Making Sense Of US Mass School ShootingsMay 26, 2022 | Shalini Rai
On May 24, there was yet another mass shooting at a school in the United States of America. This time, it was an elementary school in Uvalde town, near San Antonio, Texas. The gunman was a teenager who first shot his grandmother (who survived), then went on to fire at atleast 19 children and two teachers at the Robb Elementary School; he was killed during exchange of gunfire with law enforcement officers.
This is not a one-off incident; it is part of a series of mass shootings in the US, and the worst since the Sandy Hook Elementary School shooting in December 2012, in which 20-year-old Adam Lanza shot and killed 26 people. Then, 20 of the victims were children and six were adult staff members.
In 1999, when the Columbine High School massacre took place, it was seen as a watershed moment in the US – the worst mass shooting at a school in the country’s history. Now, it ranks fourth. The three school shootings to surpass its death toll of 13 – 12 students, one teacher – have all taken place within the last decade: 2012’s Sandy Hook Elementary attack, in which a gunman killed 26 children and school staff; the 2018 shooting at Marjory Stoneman Douglas High School in Parkland, Florida, which claimed the lives of 17 people; and now the Robb Elementary School assault in Uvalde, Texas.
Why do such mass shooting events keep happening in the US and what prevents the self-proclaimed ‘greatest’ nation on the planet from stopping them? First off, mass public shootings are defined as incidents in which four or more victims are murdered, with at least one of those homicides taking place in a public location and with no connection to underlying criminal activity, such as gangs or drugs.
In a vast majority of these shootings, the perpetrators have been men and so, calling them ‘gunmen’ would be accurate. What these gunmen had in common was their delusional (albeit aspirational) notions of ‘white supremacy’, hate-driven actions, a manifesto of their twisted beliefs that they left behind and the ability to legally purchase guns. Some are also reported to be dealing with mental health issues.
After so many repeats of the same pattern of violence, one would be inclined to expect the law enforcement agencies to take steps to monitor, screen and pre-empt such actions. That, however, is glaringly missing.
One of the reasons for these recurring events is the ease with which teenagers can purchase weapons. It is pertinent to mention here that the ideology behind, inclination towards, motivation for and execution of such acts may be out of the control of the administration but stopping the procurement of weapons/firearms/handguns without due process and effective checks is very firmly in the hands of law-enforcing agencies.
In the US, one can literally walk into a gun store and walk out armed to the teeth. In Texas, in particular, gun control laws are among the least restrictive in the U.S. and the state does not have a waiting period for gun purchases.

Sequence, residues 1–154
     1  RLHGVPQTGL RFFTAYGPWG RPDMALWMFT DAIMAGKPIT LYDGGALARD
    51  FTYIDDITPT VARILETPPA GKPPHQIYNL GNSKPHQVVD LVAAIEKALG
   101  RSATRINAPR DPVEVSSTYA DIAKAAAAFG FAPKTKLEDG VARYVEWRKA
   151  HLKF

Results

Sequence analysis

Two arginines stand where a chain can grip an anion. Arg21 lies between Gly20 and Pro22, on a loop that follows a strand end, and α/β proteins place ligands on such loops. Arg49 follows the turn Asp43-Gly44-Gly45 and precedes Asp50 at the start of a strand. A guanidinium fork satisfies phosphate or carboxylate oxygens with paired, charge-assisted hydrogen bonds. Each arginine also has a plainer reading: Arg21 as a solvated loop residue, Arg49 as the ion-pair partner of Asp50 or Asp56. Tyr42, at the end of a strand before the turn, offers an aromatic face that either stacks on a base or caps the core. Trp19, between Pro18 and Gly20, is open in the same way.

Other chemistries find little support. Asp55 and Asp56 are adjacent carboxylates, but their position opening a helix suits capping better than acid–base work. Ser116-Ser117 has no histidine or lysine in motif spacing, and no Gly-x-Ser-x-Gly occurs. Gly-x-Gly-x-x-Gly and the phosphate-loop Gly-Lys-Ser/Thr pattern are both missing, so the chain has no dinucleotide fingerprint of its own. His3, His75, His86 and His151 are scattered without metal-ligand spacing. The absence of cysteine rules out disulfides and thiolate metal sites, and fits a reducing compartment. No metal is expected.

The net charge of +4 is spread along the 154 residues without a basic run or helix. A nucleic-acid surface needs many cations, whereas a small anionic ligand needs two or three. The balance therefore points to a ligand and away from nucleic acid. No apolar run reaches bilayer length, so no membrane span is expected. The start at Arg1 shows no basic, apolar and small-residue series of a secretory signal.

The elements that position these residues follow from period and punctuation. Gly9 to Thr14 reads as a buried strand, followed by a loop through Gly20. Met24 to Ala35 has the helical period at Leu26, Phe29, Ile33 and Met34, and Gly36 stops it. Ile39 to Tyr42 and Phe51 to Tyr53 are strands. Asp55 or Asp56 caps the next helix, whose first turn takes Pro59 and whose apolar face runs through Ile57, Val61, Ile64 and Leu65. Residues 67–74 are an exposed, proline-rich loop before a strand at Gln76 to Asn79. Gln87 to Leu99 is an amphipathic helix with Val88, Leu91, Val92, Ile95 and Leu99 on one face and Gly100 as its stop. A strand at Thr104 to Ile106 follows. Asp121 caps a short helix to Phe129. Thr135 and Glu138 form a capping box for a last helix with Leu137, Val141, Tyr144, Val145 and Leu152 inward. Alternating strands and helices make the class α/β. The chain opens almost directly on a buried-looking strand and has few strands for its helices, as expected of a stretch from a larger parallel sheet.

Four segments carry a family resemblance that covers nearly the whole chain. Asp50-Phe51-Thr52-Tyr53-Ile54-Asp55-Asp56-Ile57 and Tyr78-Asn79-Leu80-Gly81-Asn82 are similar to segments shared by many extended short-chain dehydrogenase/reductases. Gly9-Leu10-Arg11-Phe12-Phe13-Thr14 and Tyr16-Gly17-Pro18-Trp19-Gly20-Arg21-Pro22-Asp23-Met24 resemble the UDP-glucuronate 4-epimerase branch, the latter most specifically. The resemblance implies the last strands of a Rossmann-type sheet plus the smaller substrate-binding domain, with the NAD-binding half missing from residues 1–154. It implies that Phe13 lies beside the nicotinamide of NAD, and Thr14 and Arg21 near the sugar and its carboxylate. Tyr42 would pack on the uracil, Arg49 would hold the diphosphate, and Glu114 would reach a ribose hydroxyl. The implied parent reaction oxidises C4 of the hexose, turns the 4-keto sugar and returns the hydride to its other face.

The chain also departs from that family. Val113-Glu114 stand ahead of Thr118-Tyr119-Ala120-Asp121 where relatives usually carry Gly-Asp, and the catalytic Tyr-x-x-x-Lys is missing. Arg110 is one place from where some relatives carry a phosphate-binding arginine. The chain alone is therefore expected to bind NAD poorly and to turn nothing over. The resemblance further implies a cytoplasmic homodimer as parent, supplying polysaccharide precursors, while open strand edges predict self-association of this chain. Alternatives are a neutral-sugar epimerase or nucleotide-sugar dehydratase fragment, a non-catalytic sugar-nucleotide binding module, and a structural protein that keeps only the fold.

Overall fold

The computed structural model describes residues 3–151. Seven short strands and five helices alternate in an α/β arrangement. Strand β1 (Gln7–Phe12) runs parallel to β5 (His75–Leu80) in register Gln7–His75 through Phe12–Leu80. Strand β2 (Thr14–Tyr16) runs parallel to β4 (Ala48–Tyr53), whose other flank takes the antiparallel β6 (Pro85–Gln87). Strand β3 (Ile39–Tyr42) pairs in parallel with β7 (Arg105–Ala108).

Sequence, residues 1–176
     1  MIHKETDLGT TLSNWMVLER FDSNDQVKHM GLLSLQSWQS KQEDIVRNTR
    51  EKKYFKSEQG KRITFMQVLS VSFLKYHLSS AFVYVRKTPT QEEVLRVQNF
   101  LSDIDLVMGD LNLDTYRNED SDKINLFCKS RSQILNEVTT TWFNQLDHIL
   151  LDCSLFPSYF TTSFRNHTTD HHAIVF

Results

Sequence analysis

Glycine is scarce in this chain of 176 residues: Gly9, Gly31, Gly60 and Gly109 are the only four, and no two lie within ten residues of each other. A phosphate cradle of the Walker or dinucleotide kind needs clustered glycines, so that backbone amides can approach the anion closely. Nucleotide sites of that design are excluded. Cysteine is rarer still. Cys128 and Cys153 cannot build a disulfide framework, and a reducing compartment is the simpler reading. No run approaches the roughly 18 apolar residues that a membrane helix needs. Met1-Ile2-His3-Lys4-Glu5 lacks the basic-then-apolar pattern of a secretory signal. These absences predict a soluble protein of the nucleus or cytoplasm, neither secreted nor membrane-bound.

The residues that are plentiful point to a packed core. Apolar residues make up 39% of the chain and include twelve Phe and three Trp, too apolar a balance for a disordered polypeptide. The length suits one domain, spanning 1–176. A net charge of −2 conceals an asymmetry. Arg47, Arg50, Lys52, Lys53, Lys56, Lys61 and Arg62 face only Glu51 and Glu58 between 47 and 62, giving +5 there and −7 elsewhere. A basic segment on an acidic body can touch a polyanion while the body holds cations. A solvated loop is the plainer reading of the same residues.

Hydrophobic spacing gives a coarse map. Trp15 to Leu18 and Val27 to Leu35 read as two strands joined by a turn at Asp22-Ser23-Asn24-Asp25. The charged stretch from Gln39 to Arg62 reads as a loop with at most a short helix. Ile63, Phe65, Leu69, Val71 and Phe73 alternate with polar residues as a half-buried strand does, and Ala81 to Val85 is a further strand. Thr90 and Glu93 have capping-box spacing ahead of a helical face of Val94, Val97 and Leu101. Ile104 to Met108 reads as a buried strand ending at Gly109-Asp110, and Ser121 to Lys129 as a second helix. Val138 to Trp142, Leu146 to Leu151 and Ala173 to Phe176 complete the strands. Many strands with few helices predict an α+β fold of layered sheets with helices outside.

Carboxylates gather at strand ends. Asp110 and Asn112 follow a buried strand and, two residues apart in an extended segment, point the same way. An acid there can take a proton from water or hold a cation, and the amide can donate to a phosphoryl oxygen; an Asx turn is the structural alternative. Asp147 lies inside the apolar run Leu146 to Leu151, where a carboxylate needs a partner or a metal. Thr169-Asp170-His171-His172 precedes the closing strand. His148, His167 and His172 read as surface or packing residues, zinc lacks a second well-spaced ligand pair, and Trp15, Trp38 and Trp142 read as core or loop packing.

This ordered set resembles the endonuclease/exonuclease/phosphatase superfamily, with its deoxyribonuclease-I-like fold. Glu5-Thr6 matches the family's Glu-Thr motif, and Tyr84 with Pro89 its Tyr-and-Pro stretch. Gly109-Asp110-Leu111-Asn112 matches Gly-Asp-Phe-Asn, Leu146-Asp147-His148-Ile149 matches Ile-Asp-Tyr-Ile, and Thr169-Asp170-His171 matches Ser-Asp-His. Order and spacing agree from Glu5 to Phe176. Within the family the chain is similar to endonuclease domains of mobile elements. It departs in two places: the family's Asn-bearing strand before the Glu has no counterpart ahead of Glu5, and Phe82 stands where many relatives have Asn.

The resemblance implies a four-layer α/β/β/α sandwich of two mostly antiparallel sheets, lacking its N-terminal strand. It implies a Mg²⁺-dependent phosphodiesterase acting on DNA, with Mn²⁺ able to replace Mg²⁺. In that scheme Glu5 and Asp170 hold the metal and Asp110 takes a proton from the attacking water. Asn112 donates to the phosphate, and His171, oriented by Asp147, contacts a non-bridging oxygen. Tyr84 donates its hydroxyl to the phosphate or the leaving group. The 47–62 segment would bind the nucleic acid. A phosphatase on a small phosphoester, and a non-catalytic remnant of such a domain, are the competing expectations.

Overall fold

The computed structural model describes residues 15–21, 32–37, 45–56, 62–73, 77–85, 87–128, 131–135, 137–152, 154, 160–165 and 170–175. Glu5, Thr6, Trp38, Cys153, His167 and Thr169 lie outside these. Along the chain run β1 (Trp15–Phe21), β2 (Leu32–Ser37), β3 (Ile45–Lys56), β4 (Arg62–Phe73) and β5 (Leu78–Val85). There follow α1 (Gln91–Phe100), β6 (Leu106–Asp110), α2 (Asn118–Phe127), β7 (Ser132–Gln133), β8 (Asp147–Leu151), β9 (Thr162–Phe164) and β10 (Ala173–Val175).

This is in sharp contrast to the seeming anarchy perceived to be prevalent in much of South Asia, including India, where obtaining arms legally is thankfully still a laborious and long drawn-out process.
Meanwhile, once each preventable mass shooting is over, a tragic cadence becomes audible in American life. It moves to the rhythm of allegations being levelled against the influence of the gun lobby — National Rifle Association (NRA) — and the unyielding opposition of gun control by almost all Republicans. The NRA actively gives money for building and maintaining gun ranges. Its lobbying budget, including official and unofficial spends, runs into tens of millions of dollars every year. The group’s membership is highly engaged politically, and considered to be a solid vote bank focused on a single issue that Republican politicians seek to tap.
Non-plussed ordinary citizens and dispirited gun-control advocates can do little more than point fingers at the NRA and the GOP’s policies regarding gun control. It is estimated that U.S. civilians own 393 million firearms and that 35% to 42% of the households in the country have at least one gun. The U.S. has by far the highest estimated number of guns per capita in the world, at 120.5 guns for every 100 people.
In 2017, the US had a population of 326,474,000. That year, the estimated number of firearms in civilian possession was 393,347,000. There were 1,073,743 registered firearms and 392,273,257 estimated to be unregistered. A simple calculation will reveal the stark fact that there are more weapons than people in this so-called ‘First World’ country and ‘greatest democracy’ in the world.
While the common sense approach suggests severely limiting the ability of young people, people with mental health issues or those with a history of engagement with law enforcement to access firearms and weapons, the ground reality is that in the US it is simply too cheap and too easy to obtain a weapon, no questions asked.
The gun manufacturers seem too powerful and too entrenched to be take head-on, by any administration, even that helmed by Democrats. The NRA has, for decades put up a fierce, determined opposition to any effort to reduce access to lethal weapons. So much so that the Uvalde, Texas shooting prompted US President Joe Biden to ask, in seeming despair, “As a nation, we have to ask when in God’s name we’re going to stand up to the gun lobby, when in God’s name we do what we all know in our gut needs to be done.”
He also said, poignantly, “I had hoped when I became president I would not have to do this — again,” with longtime teacher first lady Jill Biden at his side. “Another massacre. Uvalde, Texas. An elementary school. Beautiful, innocent second, third and fourth graders. And how many scores of little children who witnessed what happened — see their friends die, as if they’re in a battlefield, for God’s sake. They’ll live with it the rest of their lives.”